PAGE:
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I am trying to figure out how to keep an object useable between client sessions in DB4O. From what I understand, once a client session is closed, the object no longer resides in any cache and despite the fact that I have a valid UUID, I cannot call Store on it without causing a duplicate to be inserted. I searched for a way to manually re-add it to the cache but there is no such mechanism. Re-retrieving it will force me to copy over all the values from the now useless object.

Here's the above paragraph in code:

Person person = new Person() { FirstName = "Howdoyu", LastName = "Du" };
Db4oUUID uuid;

 // Store the new person in one session
using (IObjectContainer client = server.OpenClient())
{
    client.Store(person);
    uuid = client.Ext().GetObjectInfo(person).GetUUID();
}

// Guy changed his name, it happens
person.FirstName = "Charlie";

using (var client = server.OpenClient())
{
    // TODO: MISSING SOME WAY TO RE-USE UUID HERE

    client.Store(person); // will create a new person, named charlie, instead of changing Mr. Du's first name
}

The latest version of Eloquera supports these scenarios, either through an [ID] attribute or via Store(uid, object).

Any thoughts?

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2 Answers 2

This functionality is indeed missing in db4o =(. That makes db4o very difficult to use in many scenarios.

You basically have to write your own reattach method by coping all attributes over. Maybe a library like Automapper can help, but in the end you have to do it yourself.

Another question is if you really want to use the db4o UUIDs to identify an object. db4o UUIDs are huge and not a well known type. I personally would prefer regular .NET GUIDs.

By the way: There's the db4o .Bind() method, which binds a object to an existing id. However it hardly does what you really want. I guess that you want to store changes made to an object. Bind basically replaces the object and breaks the object graph. For example if you have a partially loaded objects and then bind it, you loose references to objects. So .Bind is not usable.

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Thanks for the response, I wasn't really expecting a solution :( It's true that GUIDs are easier to use, and I was hoping to use those originally, but I figured that if a solution did exist, it would most likely use the UUIDs. I'm now stuck with having to choose between an alternate, much less mature OODB or (very sadly) returning to the fat arms of an ORM. –  Doron Assayas Terre May 2 '11 at 8:29
    
Bind() is in fact useable in my specific scenario here, where I am in complete control of data access and no external query can retrieve object instances other than myself. I am posting an answer here. –  Doron Assayas Terre May 3 '11 at 8:39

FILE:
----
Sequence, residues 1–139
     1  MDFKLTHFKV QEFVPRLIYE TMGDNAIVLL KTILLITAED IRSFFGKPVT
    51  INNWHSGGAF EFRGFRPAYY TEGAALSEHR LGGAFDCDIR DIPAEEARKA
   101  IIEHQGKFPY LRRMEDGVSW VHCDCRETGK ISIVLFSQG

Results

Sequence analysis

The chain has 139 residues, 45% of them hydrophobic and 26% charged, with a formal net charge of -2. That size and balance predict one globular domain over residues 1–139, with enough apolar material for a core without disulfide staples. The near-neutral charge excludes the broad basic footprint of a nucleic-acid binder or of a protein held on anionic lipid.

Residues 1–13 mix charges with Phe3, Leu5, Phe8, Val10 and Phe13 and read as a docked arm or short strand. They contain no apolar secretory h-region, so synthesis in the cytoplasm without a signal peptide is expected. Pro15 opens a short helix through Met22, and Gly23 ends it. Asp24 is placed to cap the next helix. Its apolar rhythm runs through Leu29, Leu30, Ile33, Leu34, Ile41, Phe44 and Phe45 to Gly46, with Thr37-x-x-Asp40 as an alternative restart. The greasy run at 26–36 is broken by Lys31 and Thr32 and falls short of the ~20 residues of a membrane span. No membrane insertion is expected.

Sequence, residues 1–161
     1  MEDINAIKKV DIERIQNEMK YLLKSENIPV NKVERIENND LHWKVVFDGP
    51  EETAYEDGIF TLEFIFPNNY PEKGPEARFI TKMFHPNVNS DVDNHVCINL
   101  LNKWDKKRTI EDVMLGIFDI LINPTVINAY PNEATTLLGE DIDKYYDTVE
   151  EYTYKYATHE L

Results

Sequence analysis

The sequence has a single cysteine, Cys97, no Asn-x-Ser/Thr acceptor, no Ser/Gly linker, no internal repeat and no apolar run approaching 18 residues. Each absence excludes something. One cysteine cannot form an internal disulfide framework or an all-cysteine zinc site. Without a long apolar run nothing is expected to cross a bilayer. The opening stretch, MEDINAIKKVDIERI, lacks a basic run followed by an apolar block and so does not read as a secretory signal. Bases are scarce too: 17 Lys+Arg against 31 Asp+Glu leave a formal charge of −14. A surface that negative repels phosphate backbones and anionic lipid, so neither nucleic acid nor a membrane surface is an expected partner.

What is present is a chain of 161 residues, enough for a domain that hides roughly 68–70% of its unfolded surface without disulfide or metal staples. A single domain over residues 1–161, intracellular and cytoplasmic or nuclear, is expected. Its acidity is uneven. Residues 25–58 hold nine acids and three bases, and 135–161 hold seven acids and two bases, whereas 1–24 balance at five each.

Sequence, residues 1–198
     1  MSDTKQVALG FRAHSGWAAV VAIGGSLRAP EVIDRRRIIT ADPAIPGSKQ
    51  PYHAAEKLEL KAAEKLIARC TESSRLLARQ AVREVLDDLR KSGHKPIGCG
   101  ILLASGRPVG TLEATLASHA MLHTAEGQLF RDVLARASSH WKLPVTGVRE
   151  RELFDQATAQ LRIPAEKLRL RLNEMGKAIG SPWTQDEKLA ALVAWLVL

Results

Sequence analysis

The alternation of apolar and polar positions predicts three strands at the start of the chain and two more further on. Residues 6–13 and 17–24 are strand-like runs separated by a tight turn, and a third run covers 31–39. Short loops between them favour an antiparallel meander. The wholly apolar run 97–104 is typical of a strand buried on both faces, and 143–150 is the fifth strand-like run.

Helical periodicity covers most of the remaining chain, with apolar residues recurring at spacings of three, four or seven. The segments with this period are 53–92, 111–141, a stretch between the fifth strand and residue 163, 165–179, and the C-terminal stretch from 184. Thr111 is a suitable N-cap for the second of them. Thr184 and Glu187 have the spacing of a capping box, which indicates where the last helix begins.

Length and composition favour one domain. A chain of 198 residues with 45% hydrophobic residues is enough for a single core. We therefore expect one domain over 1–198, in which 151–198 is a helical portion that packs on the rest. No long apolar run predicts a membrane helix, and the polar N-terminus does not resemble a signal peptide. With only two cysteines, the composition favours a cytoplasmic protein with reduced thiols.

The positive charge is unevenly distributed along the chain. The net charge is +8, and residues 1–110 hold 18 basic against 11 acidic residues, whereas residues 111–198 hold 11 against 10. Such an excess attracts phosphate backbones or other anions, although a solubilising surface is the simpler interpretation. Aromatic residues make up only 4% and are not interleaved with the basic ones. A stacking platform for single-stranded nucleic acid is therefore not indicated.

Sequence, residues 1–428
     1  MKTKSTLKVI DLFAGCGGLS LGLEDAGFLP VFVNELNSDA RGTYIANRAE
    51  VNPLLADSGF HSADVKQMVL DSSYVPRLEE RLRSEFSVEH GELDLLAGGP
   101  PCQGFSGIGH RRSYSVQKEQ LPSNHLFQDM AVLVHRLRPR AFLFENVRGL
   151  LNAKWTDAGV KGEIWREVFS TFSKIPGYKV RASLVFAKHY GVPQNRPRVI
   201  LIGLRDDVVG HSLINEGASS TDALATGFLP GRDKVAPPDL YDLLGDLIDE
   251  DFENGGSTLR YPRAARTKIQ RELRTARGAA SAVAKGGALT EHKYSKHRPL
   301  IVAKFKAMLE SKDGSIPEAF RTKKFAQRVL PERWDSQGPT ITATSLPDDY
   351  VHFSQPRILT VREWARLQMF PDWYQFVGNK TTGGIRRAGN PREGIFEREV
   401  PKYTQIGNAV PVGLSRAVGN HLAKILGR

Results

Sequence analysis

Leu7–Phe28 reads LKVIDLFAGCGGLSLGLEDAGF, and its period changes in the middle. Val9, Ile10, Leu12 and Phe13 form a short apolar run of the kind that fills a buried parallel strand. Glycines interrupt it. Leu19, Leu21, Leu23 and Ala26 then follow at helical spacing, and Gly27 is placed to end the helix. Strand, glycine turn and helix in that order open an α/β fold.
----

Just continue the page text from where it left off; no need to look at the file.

up vote 1 down vote accepted

Okay, Gamlor's response about the db4o IExtContainer.Bind() method pointed me to the solution. Please note that this solution is only valid in very specific situations where access to the DB is tightly controlled, and no external queries can retrieve object instances.

Warning: This solution is dangerous. It can fill your database with all kinds of duplicates and junk objects, because it replaces the object and doesn't update its values, therefore breaking any references to it. Click here for a complete explanation.

UPDATE: Even in tightly controlled scenarios, this can cause endless headaches (like the one I'm having now) for anything other than a flat object with value type properties only (string, int, etc.). Unless you can design your code to retrieve, edit and save objects in a single db4o connection, then I recommend not to use db4o at all.

Person person = new Person() { FirstName = "Charles", LastName = "The Second" };
Db4oUUID uuid;

using (IObjectContainer client = server.OpenClient())
{
    // Store the new object for the first time
    client.Store(person);

    // Keep the UUID for later use
    uuid = client.Ext().GetObjectInfo(person).GetUUID();
}

// Guy changed his name, it happens
person.FirstName = "Lil' Charlie";

using (var client = server.OpenClient())
{
    // Get a reference only (not data) to the stored object (server round trip, but lightweight)
    Person inactiveReference = (Person) client.Ext().GetByUUID(uuid);

    // Get the temp ID for this object within this client session
    long tempID = client.Ext().GetID(inactiveReference);

    // Replace the object the temp ID points to
    client.Ext().Bind(person, tempID);

    // Replace the stored object
    client.Store(person);
}
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I just want to say that bind replaces the object and doesn't update it. That especially dangerous in complex object-graphs, because it can produce inconsistencies. But if it works for you, then its fine. –  Gamlor May 3 '11 at 13:46
    
True, which is why I put in the large warning :) –  Doron Assayas Terre May 3 '11 at 14:21
1  
I just want to add that the retrieval doesn't need to be done by UUID. Any other field will work as long as ActivateDepth is set to 0 on the client before retrieval of the inactiveReference. –  Doron Assayas Terre May 3 '11 at 22:42

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